As producers prepare for calving season, it’s important to review a list of key management principles. While even the best planned strategies can hit road bumps, thinking ahead and being prepared will help guarantee a successful calving season.
Calving season — a demanding time for producers — is an eventful period that may cause stress and several health concerns for the herd. For optimal herd health this spring, it’s essential for producers to follow a few steps — proper nutrition and vaccination; proactive newborn calf health; and pasture turnout health protocols.
Looking over your replacement heifers each spring makes you feel proud of the job you did selecting and growing them since weaning. You’ve got a lot of money tied up in your calves, so picking the right bull is critical. But what about risk management? Not the kind of risk management that requires a banker or a commodity broker, but the kind that reduces risk from reproductive disease losses.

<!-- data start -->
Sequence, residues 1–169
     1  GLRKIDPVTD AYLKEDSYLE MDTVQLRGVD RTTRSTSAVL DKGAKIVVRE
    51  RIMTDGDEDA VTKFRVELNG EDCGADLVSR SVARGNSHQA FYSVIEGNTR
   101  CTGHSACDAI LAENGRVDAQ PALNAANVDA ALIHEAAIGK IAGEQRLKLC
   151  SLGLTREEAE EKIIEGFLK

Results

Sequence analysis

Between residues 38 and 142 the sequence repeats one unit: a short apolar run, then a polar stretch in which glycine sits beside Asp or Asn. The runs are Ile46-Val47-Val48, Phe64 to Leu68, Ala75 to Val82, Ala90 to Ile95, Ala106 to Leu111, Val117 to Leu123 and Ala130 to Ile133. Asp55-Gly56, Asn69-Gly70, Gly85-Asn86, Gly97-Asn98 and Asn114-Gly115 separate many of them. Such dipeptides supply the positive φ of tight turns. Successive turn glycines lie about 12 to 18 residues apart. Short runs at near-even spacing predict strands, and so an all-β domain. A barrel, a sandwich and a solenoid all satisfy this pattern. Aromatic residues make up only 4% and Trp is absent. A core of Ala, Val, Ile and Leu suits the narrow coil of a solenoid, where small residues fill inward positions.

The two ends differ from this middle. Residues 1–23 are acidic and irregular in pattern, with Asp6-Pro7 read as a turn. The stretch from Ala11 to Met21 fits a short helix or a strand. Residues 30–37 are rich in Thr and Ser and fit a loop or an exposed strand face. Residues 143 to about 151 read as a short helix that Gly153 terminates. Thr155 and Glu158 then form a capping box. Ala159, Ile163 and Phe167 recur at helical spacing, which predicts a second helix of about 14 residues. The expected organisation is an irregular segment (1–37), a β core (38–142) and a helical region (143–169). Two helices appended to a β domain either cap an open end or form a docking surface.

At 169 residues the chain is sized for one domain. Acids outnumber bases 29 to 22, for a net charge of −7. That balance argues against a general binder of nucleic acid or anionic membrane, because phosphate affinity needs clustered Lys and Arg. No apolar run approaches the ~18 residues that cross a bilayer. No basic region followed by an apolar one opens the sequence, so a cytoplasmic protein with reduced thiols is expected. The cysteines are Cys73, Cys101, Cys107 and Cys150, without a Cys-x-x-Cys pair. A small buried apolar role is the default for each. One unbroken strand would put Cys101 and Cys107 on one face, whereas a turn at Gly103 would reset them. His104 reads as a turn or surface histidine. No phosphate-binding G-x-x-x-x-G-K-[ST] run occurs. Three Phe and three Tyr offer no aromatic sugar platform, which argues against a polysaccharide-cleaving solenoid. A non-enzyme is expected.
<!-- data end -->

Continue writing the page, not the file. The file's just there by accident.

There are a multitude of opportunities for branding our individual farms and ranches. Michael Turley, chief executive officer for Osborn Barr, the marketing communications firm for Merck Animal Health’s cattle team, wanted to raise awareness of those opportunities when he spoke to cattle feeders at the Cattle Feeders Business Summit last year.
Backgrounding — a process that begins after weaning and ends at the placement of thriving cattle in a feedyard — adds pounds to calves by paying special attention to their health and nutrition in the hopes of higher returns. Some cow/calf producers may decide to incorporate a backgrounding program within their operation. For those who do, Eric Moore, D.V.M., Merck Animal Health, reminds these producers that backgrounding brings another set of issues to manage.